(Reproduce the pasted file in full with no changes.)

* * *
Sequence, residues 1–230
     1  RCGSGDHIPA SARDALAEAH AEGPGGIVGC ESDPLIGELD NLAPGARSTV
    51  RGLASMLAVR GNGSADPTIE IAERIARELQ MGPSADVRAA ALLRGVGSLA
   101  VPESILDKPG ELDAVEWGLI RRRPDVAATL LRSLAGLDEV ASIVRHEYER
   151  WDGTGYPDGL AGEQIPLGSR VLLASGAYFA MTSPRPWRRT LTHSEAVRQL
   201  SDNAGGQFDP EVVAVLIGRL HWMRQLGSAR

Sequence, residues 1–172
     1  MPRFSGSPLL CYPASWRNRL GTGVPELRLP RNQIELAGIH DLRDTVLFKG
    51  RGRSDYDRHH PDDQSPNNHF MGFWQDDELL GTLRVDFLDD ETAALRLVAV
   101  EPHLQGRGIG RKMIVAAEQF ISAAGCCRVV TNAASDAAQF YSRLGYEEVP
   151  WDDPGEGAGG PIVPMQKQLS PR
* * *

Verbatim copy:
Sequence, residues 1–230
     1  RCGSGDHIPA SARDALAEAH AEGPGGIVGC ESDPLIGELD NLAPGARSTV
    51  RGLASMLAVR GNGSADPTIE IAERIARELQ MGPSADVRAA ALLRGVGSLA
   101  VPESILDKPG ELDAVEWGLI RRRPDVAATL LRSLAGLDEV ASIVRHEYER
   151  WDGTGYPDGL AGEQIPLGSR VLLASGAYFA MTSPRPWRRT LTHSEAVRQL
   201  SDNAGGQFDP EVVAVLIGRL HWMRQLGSAR

Sequence, residues 1–172
     1  MPRFSGSPLL CYPASWRNRL GTGVPELRLP RNQIELAGIH DLRDTVLFKG
    51  RGRSDYDRHH PDDQSPNNHF MGFWQDDELL GTLRVDFLDD ETAALRLVAV
   101  EPHLQGRGIG RKMIVAAEQF ISAAGCCRVV TNAASDAAQF YSRLGYEEVP
   151  WDDPGEGAGG PIVPMQKQLS PR